Maynard H. Smith, nicknamed Snuffy Smith, was a US Army Air Forces Staff Sergeant and gunner aboard a B-17 Flying Fortress bomber assigned to the 423d Bombardment Squadron, 306th Bomb Group in World War II, who received the Medal of Honor for his conduct during a bombing mission over France on May 1, 1943.
It was during his first mission, on May 1, 1943 that Staff Sergeant Smith, who was assigned to the ball gun turret, helped save the lives of six of his wounded comrades, put out a blazing fire, and drove off wave after wave of German fighters.
The target of the mission was the U-Boat pens at Saint-Nazaire in Loire-Atlantique, France, on the Bay of Biscay. Saint Nazaire was heavily defended by antiaircraft guns and was nicknamed "flak city" by the airmen.
Several of the bombers failed to rendezvous as intended, and others had mechanical problems and had to turn back. The middle portion of the bombing mission went well, with no German fighters engaging the mission until after they had released their bomb loads. The bombers managed to drop their payload on target with little resistance from the Germans in occupied France. As the fighters came up, the bombing group managed to elude them by flying into a large cloud bank.
Smith manning a machine gun [Via United States Air Force - United States Air Force via www.flickr.com]
Due to a navigational error, after being in the cloud bank, the navigator in the lead plane believed he was approaching the southern coast of Britain. In fact, the aircraft were approaching the heavily fortified German-occupied city of Brest, France and the southern coast of theBreton Peninsula. The pilot began to descend to 2,000 feet and was almost immediately overtaken by several German fighters and thickanti-aircraft fire.
Staff Sergeant Smith's bomber was hit, rupturing the fuel tanks and igniting a massive fire in the center of the fuselage. The damage to the aircraft was severe, knocking out communications and compromising the fuselage's integrity. Smith's ball turret lost power and he scrambled out to assist the other crew members. Three crew members bailed out, while Smith tended to two others who were seriously wounded.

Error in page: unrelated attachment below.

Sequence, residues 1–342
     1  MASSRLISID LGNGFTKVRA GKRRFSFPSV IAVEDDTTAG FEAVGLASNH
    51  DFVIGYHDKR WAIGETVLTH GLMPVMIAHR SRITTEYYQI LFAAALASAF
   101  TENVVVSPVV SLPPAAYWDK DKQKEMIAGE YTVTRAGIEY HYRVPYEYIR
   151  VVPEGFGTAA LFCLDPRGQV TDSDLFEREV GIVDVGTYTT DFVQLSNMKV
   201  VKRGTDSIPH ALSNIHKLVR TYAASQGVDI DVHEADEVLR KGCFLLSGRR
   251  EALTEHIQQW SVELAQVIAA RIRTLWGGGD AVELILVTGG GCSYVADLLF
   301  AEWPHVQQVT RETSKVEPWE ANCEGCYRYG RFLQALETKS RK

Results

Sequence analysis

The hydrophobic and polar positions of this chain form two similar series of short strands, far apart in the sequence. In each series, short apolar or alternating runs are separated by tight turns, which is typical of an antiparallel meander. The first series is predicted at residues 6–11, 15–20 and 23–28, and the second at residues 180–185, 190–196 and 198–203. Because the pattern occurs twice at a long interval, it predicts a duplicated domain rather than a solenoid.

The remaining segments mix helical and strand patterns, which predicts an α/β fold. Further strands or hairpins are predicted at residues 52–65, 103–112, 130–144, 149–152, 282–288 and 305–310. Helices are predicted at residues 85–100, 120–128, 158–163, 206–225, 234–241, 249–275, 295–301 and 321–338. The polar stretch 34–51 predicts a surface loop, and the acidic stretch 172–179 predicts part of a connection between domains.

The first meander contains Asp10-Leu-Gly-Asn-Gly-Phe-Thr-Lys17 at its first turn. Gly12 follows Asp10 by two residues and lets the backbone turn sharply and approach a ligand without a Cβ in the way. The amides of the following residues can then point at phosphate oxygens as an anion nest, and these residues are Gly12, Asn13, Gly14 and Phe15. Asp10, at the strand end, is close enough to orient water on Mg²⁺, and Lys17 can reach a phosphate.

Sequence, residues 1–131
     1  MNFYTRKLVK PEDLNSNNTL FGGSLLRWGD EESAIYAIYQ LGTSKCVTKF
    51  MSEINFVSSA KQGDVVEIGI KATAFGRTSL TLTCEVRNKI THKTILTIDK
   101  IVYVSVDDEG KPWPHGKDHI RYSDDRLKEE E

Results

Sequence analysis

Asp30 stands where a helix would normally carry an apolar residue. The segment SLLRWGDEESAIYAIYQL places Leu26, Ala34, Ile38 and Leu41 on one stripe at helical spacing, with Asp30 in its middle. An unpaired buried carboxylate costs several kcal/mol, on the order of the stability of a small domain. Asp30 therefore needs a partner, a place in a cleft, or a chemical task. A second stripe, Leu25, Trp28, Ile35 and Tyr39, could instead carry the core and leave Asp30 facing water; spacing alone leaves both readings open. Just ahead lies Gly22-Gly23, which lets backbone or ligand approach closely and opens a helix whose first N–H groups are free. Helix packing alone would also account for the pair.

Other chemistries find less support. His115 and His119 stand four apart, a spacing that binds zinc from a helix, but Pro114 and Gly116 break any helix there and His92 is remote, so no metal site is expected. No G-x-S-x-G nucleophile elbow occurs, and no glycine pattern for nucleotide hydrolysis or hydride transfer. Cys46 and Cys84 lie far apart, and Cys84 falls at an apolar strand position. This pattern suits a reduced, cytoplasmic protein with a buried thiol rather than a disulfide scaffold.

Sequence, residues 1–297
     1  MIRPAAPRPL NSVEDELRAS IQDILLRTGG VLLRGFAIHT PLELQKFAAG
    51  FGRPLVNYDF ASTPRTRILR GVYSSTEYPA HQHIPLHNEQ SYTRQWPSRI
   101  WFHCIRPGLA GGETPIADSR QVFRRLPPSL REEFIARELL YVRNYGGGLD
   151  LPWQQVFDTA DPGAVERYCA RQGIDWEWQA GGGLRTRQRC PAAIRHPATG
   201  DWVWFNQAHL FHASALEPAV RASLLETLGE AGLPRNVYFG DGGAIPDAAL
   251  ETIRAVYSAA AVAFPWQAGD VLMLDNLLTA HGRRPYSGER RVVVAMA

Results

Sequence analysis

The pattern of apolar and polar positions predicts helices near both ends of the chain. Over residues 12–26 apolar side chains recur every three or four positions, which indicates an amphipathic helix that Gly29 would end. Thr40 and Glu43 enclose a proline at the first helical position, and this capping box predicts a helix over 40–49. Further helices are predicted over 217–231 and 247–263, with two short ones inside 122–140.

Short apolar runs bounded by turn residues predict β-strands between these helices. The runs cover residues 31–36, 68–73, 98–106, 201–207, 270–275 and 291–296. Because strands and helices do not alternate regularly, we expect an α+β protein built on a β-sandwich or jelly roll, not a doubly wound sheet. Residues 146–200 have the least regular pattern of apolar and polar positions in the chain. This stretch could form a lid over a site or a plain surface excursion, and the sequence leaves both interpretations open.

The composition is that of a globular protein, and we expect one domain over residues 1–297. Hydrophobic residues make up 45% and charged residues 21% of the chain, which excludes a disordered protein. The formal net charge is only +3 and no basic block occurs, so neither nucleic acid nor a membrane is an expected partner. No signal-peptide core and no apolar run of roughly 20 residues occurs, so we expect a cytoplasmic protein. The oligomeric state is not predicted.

In between helping his wounded comrades, Smith also manned the .50 caliber machine guns and fought the raging fire. The heat from the fire was so intense that it had begun to melt the metal in the fuselage, threatening to break the plane in half.
For nearly 90 minutes, Smith alternated between shooting at the attacking fighters, tending to his wounded crew members and fighting the fire. To starve the fire of fuel, he threw burning debris and exploding ammunition through the large holes that had been melted in the fuselage. After the fire extinguishers were exhausted, he finally managed to put the fire out, in part by urinating on it.
Staff Sergeant Smith's bomber reached England and landed at the first available airfield, where it broke in half as it touched down. Smith's bomber had been hit with over 3,500 bullets and shrapnel.
While the three crew members that bailed out were never recovered and presumed lost at sea, Smith's efforts on that day undoubtedly saved the lives of six others aboard his aircraft.
Smith was assigned to KP duty the week that he was awarded the Medal of Honor as punishment for arriving late to a briefing. Secretary of War Henry L. Stimson placed the Medal around Smith's neck during a formation.
He enlisted in the US Army Air Forces in 1942. After completing basic training he volunteered for aerial gunnery school. Staff Sergeant Smith quickly gained a reputation as a stubborn and obnoxious airman who did not get along well with the other airmen stationed there, hence his nickname "Snuffy Smith", possibly from the popular comic strip of the era.
Staff Sergeant Maynard Smith of the 306th Bombardment Group, is presented with the Medal of Honor by Secretary of War Henry L Stimson in front of a B-17 Flying Fortress at Thurleigh Airfield, USAAF Station 111, England [Via United States Army Air Forces - www.americanairmuseum.com This is photograph FRE 4379 from the collections of the Imperial War Museums]